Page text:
Disability Sports: Cheating or Support?

When I wrote the post about technology in sports last week I found myself thinking about my position regarding the conflict I wrote about. Up to which point should we allow and use technology in sports? And then an interesting thought came up to my mind: What about the disabled, who compete for example in the Paralympics? They use exceptional technology but not only to increase their performance but primarily to be able to do the sport in the first place. So I asked myself, is this then an exception that we should not include in the discussion mentioned earlier? Should they be allowed to use any technology they want?When I wrote the post about technology in sports last week I found myself thinking about my position regarding the conflict I wrote about. Up to which point should we allow and use technology in sports? And then an interesting thought came up to my mind: What about the disabled, who compete for example in the Paralympics? They use exceptional technology but not only to increase their performance but primarily to be able to do the sport in the first place. So I asked myself, is this then an exception that we should not include in the discussion mentioned earlier? Should they be allowed to use any technology they want?

The Rise and Rise of Disability Sport 

While researching I found an interesting blog, that describes the use of Chetaah blades in track. Researchers did find out, that those running specific prostheses do not give an unfair advantage to the disabled athletes compared to the non-disabled athletes. But they have the potential to challenge the accepted norms in sport and this makes people feel anxious.  At the moment the technology that disabled use is unable to match the performance of conventional bones and muscle, but the blogger fears that when the point of equal performance is reached, the use of that technology will be limited although it gives a great opportunity to the disabled.

The Trouble with Oscar

 The blogger, I just talked about, also mentioned Oscar Pistorius, who is a very famous, disabled runner, who already run against non-disabled athletes. In a blog that he wrote two years after the one I cited above, he describes the troubling development of his achievements. The question is now, if those Chetaah blades enhance his performance or merely overcome his disability. Of course people will see this as a great step for disabled people, for Oscar can hardly be described as such, but the rules of the sport have to be respected.

There has been a long court battle between the IAAF and the lawyer of Oscar, including several tests measuring the amount of energy used by the disabled athlete and the non-disabled. First it was proven that Oscar uses 25% less energy, for he uses less muscles and then another study stated that he uses a comparable amount. Now he can participate in the Olympics 2012, if he runs the 400m in less then 45.25 seconds.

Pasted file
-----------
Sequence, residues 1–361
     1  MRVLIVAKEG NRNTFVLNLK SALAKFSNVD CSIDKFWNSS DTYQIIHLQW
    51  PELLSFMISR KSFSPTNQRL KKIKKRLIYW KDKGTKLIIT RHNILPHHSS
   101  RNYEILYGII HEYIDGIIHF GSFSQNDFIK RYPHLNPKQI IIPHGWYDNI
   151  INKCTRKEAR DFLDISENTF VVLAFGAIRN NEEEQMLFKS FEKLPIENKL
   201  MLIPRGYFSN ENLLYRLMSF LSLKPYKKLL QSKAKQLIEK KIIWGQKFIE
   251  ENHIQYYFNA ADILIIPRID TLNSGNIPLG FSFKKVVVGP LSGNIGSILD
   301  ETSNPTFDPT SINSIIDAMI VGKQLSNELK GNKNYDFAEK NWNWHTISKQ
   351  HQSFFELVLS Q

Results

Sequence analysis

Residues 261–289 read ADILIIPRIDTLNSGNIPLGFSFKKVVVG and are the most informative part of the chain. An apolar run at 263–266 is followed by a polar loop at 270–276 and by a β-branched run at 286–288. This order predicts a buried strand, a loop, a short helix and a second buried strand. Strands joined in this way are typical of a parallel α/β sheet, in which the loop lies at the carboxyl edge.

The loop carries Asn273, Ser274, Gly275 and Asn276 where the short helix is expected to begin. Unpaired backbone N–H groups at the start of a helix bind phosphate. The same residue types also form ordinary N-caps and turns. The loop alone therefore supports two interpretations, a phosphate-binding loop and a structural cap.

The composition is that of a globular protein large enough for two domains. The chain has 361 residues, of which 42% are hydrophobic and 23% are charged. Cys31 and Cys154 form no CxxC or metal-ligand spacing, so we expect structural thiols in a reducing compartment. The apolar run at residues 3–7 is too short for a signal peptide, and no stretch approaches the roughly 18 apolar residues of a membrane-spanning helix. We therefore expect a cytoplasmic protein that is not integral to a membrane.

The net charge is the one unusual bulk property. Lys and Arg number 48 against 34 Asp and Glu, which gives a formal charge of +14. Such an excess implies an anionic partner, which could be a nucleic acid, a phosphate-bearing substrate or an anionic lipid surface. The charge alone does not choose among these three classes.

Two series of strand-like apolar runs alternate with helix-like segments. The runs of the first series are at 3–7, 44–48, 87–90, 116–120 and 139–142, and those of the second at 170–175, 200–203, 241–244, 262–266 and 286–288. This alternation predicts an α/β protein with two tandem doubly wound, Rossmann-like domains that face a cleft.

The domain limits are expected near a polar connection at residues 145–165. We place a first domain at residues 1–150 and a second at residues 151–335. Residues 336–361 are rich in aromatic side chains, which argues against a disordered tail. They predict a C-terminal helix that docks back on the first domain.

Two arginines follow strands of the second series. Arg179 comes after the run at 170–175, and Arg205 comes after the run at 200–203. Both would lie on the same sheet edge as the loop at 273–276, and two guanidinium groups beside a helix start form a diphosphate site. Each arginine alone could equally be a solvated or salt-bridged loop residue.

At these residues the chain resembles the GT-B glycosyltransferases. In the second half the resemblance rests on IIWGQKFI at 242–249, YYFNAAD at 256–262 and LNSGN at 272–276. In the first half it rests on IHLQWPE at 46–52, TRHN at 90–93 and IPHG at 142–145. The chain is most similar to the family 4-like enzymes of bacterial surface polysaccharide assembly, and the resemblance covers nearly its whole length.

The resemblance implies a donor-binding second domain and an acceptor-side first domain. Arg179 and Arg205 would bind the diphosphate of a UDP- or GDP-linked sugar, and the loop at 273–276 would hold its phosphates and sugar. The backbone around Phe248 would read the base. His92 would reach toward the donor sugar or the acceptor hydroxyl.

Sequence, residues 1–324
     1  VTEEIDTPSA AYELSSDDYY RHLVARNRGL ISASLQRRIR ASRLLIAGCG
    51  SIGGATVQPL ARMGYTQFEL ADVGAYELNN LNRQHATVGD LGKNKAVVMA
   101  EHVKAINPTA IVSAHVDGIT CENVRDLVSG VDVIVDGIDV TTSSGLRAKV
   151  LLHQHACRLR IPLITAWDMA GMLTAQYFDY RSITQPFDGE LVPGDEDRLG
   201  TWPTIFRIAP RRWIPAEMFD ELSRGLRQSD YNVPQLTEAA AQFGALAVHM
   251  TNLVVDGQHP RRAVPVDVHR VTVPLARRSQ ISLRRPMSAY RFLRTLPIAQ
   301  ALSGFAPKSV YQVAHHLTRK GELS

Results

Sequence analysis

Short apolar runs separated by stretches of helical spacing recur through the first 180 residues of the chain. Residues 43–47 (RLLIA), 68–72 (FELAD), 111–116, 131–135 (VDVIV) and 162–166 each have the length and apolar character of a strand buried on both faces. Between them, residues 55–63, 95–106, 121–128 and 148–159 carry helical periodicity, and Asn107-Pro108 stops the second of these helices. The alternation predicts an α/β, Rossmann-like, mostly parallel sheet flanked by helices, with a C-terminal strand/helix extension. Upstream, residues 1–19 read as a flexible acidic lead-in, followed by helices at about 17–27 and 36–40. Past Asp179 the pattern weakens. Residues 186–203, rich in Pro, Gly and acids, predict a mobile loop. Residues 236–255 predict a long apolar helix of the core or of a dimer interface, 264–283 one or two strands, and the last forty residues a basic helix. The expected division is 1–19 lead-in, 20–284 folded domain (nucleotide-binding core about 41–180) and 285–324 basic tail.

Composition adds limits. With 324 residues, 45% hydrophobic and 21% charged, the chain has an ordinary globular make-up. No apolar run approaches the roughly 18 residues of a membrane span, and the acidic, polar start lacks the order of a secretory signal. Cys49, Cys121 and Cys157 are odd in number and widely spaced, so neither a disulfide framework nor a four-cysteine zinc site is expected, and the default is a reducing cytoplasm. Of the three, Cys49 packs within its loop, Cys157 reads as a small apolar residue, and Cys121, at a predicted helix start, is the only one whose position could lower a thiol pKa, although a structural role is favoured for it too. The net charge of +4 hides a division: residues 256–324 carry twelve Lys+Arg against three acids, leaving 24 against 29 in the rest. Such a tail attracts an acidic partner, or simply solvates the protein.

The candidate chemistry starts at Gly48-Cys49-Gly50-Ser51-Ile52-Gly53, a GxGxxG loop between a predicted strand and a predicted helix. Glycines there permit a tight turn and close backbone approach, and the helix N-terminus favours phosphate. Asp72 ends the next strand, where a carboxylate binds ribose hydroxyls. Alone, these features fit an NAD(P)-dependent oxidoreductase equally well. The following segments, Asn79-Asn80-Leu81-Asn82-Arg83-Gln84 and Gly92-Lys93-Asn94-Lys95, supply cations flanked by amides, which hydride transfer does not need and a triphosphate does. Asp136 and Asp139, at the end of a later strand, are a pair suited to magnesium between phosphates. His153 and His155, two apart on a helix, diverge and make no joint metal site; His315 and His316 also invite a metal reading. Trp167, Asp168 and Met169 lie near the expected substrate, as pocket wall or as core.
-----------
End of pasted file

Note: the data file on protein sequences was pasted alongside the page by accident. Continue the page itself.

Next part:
Overcoming a Disability

I think it is just great to see a disabled man, who has such great self-confidence and success that he no longer sees himself as disabled. I believe that those technologies should be supported so that sport is not only for the non-disabled but for everyone who has the ambition. And as long as the research proves that there is no advantage gained from that technology, I think there is no reason why disabled people cannot compete against non-disabled.

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8 Comments

  1. Hey Anne! Thanks for this nice post! It’s very nicely written and really interesting. I recently show a documentation on TV about this topic and I came up with pretty much the same opinion like you 🙂

    Reply
  2. Larissa

     /  2011/12/01

    Hi,
    very interesting topic! I especially like the way you let us be part of your train of thoughts. That makes your conclusion is even more convincing! And speaking of the personal aspect, it’s great that you posted a video…and then continued with “I think it is just great to SEE a disabled man..”

    Reply
  3. I do agree with all of the ideas you’ve presented in your post. They are very convincing and will certainly work. Still, the posts are very short for novices. Could you please extend them a bit from next time? Thanks for the post.

    Reply
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  5. You can certainly see your skills in the work you write. The world hopes for even more passionate writers like you who are not afraid to say how they believe. Always go after your heart.

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  7. I was suggested this blog by my cousin. I am not sure whether this post is written by him as nobody else know such detailed about my trouble. You’re wonderful! Thanks!

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  8. I appreciate, cause I found just what I was looking for. You’ve ended my 4 day long hunt! God Bless you man. Have a great day. Bye

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